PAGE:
Berkheimer: Losing a Best Buddy pet

The Aspen Times

Too often I’ve dealt with the news of politics and various catastrophes, and then I feel an overwhelming need to write something more mundane – perhaps on a subject that touches both the mind and the heart. This is one of those occasions.

I think most of us have eye-watering stories about special pets combined with a big smile. Quite often we’d like to share these stories – and then I turn to my writing.

Many families have stories about special dogs. And I have a few things to tell about that too. But this is about Louie – a cat who was my best mate for 16 years until a few weeks ago.



Louie has been the one constant in my life through a short string of failed relationships, and the turmoil that comes with that is moving to two different states — from Montana to Oregon and then to California in 2015.

He came into my life as a 2 month old kitten in October 2006 when I started snuggling him on my chest while sitting in an armchair. After five or ten minutes on my chest, he would lay between my legs until I had to get up.



I remember our first visit to the vet when his breed was listed as DSH on the paperwork. This confused me as I wondered out loud what that particular breed was. Then my naive bubble burst when the vet said it stood for “domestic short hair”.

Louie was an indoor-outdoor cat who resorted to a repertoire of manipulative antics until I obeyed him. When he was at my computer, he would often sit and stare at me with pleading eyes until I either let him out or put more food in his bowl. He let me know he didn’t like seeing the bottom of his plate.

When he wanted to go into Montana, he would step over the aluminum paneling on the picture window sill, making a creaking and crunching noise until I let him back inside.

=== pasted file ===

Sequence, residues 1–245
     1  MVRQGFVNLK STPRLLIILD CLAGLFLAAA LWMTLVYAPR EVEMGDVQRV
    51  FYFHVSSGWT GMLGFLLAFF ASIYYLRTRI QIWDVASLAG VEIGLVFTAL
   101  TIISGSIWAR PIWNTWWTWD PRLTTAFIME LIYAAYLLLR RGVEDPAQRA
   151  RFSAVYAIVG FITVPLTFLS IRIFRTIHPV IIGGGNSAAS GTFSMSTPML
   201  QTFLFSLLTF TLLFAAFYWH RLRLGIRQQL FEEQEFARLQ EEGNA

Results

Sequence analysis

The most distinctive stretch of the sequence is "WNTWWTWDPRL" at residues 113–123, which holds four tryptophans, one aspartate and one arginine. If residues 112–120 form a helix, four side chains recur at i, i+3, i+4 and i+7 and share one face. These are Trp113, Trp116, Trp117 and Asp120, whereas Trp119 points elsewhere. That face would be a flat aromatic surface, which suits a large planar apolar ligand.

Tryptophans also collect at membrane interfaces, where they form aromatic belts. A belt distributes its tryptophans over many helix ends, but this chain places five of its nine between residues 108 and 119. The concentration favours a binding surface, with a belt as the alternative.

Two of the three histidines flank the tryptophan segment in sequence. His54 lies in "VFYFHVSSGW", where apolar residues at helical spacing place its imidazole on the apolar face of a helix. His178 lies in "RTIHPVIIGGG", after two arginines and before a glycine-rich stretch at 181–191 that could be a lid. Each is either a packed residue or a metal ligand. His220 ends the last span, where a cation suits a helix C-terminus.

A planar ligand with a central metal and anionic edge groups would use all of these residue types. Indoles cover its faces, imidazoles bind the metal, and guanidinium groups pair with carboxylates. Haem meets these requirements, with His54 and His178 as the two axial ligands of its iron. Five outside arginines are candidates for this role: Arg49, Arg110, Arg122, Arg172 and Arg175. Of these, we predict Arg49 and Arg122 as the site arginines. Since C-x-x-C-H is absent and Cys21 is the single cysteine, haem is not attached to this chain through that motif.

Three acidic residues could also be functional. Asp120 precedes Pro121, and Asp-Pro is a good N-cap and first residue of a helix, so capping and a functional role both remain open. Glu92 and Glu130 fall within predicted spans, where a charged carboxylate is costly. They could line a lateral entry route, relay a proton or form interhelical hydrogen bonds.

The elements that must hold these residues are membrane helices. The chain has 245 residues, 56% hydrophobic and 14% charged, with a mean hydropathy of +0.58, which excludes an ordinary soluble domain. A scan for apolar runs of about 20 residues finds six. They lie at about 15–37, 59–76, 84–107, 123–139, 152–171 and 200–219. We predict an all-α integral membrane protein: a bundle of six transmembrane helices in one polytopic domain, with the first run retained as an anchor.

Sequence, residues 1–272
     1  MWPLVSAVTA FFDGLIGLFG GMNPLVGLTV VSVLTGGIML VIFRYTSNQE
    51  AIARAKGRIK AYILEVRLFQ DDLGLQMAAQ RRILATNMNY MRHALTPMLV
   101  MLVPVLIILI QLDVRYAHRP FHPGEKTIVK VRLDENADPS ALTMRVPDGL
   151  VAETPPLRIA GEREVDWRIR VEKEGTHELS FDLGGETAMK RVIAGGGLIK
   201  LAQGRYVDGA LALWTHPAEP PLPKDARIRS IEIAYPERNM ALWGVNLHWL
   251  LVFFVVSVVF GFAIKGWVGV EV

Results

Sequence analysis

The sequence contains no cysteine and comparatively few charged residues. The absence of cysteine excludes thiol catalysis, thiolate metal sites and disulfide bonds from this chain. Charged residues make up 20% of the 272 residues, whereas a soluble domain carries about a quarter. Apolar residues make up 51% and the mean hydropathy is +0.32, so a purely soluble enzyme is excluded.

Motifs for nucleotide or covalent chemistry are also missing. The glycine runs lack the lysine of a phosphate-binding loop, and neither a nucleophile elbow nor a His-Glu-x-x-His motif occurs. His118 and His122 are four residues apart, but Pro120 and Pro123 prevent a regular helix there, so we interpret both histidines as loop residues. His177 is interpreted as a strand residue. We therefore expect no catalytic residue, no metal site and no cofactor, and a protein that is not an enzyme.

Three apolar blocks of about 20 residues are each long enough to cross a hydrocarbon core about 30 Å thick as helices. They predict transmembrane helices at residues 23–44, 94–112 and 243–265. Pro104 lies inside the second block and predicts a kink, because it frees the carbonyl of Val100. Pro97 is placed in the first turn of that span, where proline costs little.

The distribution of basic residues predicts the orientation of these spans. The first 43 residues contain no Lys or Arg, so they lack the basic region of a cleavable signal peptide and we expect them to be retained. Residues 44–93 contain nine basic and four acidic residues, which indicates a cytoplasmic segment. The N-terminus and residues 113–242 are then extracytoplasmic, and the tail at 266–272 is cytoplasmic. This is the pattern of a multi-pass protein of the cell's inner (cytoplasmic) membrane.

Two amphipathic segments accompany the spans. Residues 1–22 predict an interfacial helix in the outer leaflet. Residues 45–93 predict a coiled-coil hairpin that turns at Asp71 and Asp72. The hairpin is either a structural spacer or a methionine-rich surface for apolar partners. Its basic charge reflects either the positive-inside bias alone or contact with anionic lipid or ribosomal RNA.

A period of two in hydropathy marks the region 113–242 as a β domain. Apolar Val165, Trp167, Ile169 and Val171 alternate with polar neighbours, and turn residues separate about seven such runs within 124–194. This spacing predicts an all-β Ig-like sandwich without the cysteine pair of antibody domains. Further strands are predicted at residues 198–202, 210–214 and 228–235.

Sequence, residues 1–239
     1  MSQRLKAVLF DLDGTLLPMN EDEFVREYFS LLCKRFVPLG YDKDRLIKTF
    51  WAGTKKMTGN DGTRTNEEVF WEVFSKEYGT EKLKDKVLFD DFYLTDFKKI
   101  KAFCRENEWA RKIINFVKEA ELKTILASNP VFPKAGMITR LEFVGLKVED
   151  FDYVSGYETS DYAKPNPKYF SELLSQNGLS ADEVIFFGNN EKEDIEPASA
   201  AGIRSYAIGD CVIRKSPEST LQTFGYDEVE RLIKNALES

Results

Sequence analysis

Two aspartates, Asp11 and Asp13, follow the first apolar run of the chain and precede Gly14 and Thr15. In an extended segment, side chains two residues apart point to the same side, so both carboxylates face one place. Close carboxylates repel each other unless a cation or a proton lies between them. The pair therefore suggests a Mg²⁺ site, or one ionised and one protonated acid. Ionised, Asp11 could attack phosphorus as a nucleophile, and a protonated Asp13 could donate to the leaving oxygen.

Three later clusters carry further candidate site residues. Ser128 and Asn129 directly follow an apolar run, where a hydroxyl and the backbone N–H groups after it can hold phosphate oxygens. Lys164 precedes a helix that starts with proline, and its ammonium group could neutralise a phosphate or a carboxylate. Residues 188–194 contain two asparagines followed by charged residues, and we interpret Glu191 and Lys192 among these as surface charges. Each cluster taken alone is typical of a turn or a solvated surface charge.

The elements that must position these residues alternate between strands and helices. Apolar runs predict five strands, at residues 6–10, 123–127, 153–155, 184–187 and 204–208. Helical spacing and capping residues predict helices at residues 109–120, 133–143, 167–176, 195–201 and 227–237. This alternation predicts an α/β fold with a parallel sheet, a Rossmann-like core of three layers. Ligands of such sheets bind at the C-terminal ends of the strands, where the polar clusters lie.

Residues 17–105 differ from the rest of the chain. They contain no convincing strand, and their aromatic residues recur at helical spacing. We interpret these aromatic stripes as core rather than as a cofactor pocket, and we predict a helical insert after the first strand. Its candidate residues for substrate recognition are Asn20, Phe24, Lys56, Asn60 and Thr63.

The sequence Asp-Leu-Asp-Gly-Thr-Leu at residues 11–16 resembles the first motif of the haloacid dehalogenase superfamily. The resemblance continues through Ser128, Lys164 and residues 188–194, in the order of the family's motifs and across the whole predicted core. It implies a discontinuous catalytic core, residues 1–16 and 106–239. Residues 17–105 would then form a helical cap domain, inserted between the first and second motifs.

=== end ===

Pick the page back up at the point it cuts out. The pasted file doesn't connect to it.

During his 16 years, we spent “Louie time” in the recliner most days. He climbed there one last time, less than 48 hours before his death. How do I get into a chair without thinking about Louie?

His death hit me hard as I experienced bouts of uncontrolled crying afterwards. And it’s created an extremely awkward void in our home — because it was less than a year ago, last December, that Mary lost her 17-year-old cockatoo, Annie. Louie helped Mary through her grief for Annie.

Perhaps it’s in our parental nature that a home feels so empty when we don’t have anyone – child or pet – to depend on us. My daily movements often reminded me of routine activities I shared with Louie in the morning, afternoon, and evening.

This emptiness shared by Mary led us to the decision that we needed another pet, which quickly led to some decisions. First we settled on another cat – an indoor cat with the few requirements of food, water, litter box, scratching post and lots of affection.

And since Mary and I are both 81 now, we thought it would be wrong to adopt a kitten that would outlive us and have to be adopted to another home. We agreed that it would be better to adopt one midlife that needs a new home.

We also agreed that this would require multiple visits to an animal shelter. We didn’t want to make a quick decision that we might regret—not like we might do when we’re having a kitten.

We showed interest in three nine year olds – a female and two males – and after four visits decided on one of the males. I got him to come to me on the third and fourth visits, and he spent part of the third visit on Mary’s lap.

We’ve had Casey for two weeks now and we’re so pleased with how he’s adjusting, even if he remains a bit nervous at times. He gives and receives much affection.

I can’t remember ever hearing a cat purr that loud. Its meowing, however, is barely audible. And he was already used to using the scratching post.

Our house no longer feels empty. How rewarding it is to have him.

Darrell Berkheimer is a retired California journalist whose career spans nearly 60 years. He has held editorial positions at newspapers in Pennsylvania, Utah, Georgia, Texas and New Mexico. He is also the author of several essay books. Contact him at [email protected].

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